Does The Away-Goals Rule Make Sense?

The League Cup semi-final second legs were played this week. In the end, whilst Chelsea and Tottenham’s aggregate wins (over Liverpool and Sheffield United respectively) were settled by conventional means, there were stages of both games where they were set to win via the Away-Goals rule. This rule would only have come into play after extra time of course, which I personally find more acceptable than after only 90 minutes, but losing a game because of this rule always feels cheap. This got me thinking about the logic of the Away-Goals rule and whether it made any sense anymore in modern football. The tactical consequences of the Away-Goals rule have been explored previously (see here and here) but I was more interested in whether it made statistical sense. 

The purpose of the Away-Goals rule is to fairly separate two teams in the event of a tie without the need to go to penalties. The idea is that Away goals count extra due to the premise that they are more difficult to score. If they are harder to score they should therefore be seen less frequently. This premise is easily tested by comparing the number of Away goals with the number of Home goals. If the difference is significant (and in the right direction) then it will support the logic of the rule.

To test the premise I looked at the last 5 seasons of the Premier League (2009/10 to 2013/14) and totalled up all the Away goals and Home goals scored by all teams. To avoid any one side in one particular season from skewing the data I decided to only include teams that had been in the league for two or more of the five seasons I looked at. This meant I included Hull (09/10 and 13/14) for instance but not Reading (12/13). The results can be seen in Table 1.

Interestingly Chelsea had the biggest difference having scored 81 more Home goals than Away goals in the 5 year period. On the opposite end of the scale is QPR who in their two seasons of Premier League football only scored 1 less Away goal. Taken as a whole group though, there was a mean difference of 31 less Away goals than Home goals. As this was based on the totals for 5 seasons, this roughly equates to on average 6 less Away goals than Home goals per team per season.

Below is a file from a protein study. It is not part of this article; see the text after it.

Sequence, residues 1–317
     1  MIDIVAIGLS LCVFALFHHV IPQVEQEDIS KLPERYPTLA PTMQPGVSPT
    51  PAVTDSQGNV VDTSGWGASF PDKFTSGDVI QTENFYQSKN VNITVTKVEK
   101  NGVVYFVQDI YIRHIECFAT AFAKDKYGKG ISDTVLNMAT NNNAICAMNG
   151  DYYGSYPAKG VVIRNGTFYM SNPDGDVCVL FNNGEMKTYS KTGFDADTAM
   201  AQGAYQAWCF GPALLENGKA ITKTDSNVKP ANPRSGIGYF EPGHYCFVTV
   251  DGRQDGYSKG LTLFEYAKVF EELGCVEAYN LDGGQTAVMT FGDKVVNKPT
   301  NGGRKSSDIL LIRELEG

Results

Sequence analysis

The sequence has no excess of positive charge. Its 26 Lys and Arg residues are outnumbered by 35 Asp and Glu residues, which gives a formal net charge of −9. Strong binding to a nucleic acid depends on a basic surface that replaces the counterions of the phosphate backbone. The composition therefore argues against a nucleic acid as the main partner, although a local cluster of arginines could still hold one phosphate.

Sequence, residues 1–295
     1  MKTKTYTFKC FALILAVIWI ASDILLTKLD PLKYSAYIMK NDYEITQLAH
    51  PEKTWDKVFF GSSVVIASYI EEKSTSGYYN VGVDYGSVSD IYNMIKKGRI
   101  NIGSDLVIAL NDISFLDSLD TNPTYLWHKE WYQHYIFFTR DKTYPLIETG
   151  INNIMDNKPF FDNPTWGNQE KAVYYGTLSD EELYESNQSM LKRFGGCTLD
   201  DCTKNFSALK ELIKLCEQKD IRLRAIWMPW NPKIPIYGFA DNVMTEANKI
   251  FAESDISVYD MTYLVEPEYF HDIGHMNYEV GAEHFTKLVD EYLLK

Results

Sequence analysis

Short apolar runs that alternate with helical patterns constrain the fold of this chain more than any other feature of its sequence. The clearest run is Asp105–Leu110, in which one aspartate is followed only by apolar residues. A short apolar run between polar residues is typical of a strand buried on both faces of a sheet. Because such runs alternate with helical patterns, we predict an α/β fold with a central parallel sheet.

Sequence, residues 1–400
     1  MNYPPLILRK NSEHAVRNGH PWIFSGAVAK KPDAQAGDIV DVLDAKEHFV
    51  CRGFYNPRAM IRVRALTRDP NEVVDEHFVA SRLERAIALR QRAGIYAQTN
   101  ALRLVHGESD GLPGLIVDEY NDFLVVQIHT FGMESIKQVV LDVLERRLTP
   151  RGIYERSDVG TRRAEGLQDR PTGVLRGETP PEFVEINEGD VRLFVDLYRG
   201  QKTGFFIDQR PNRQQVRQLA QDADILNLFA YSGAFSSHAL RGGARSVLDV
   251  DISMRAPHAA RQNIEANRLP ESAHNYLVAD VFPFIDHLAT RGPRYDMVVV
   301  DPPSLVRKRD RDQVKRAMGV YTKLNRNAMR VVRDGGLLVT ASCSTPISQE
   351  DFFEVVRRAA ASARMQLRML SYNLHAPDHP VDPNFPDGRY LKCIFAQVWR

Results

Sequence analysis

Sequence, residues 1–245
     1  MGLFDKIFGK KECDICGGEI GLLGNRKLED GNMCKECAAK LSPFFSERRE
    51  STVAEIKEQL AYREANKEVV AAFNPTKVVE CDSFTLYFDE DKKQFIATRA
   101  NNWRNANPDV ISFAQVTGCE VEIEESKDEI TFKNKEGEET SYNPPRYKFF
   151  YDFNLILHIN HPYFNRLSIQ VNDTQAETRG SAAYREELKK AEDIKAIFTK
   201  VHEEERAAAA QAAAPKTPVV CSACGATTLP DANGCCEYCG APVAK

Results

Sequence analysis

Table 1: Home Goals v Away Goals, PL teams from 2009/10 to 2013/14

Table 1: Home Goals v Away Goals, PL teams from 2009/10 to 2013/14

We can actually statistically calculate whether this mean difference is significant or not by completing a paired t-test (paired means that the same teams are participating in each condition – in this context, Home and Away). The result of the paired t-test is t=6.7741 (p<0.0001) which in layman’s terms means that the difference is extremely significant and suggests we can reject the idea that Away goals are scored just as frequently as Home goals. In actual fact, based on the data sample I looked at, Away goals occur significantly less frequently than Home goals. If we assume that teams are always trying to score no matter whether they are the Home or Away side then we can also assume that Away goals are harder to score. This therefore (annoyingly) provides some statistical support for the Away Goals rule.

Having provided this support however there might still be a reason why the Away Goals rule is not the most logical way to separate two teams who are drawing in a two-legged cup tie. For those that love football and numbers there is a fantastic book by Chris Anderson and David Sally called The Numbers Game. In this they look at whether scoring a goal or keeping a clean sheet is more productive in terms of winning points. They found that keeping a clean sheet on average produces almost 2.5 points per match whereas scoring a goal typically only produces just over 1 point. This begs the question that if we have to choose a game variable to determine a result why not make it the team that managed to keep an Away clean sheet rather than the team that scored the Away goal? After all, clean sheets are more important than goals.

So had Ivanovic not scored in extra time for Chelsea against Liverpool on Tuesday night and the game finished 0-0 (1-1) I think Liverpool should have won on the Away clean sheet rule.

What do you think about the Away Goals rule? Does it make sense or not?



I am a psychologist and Spurs fan but not necessarily in that order. I am passionate about football in general. I have a soft spot for numbers and love to write about football from a statistical perspective.

  2 comments for “Does The Away-Goals Rule Make Sense?

  1. William Moriarty
    January 31, 2015 at 11:07 am

    The fact a team can over two legs, lose neither and still go out can’t be right.

    • Psychobob
      January 31, 2015 at 3:21 pm

      Yes, totally agree. But if two teams are tied on goals there does need to be some way of separating them. I think an Away Clean sheet rule AND an Away Goals rule would be quite entertaining! But only after ET so effectively a sub for pens.

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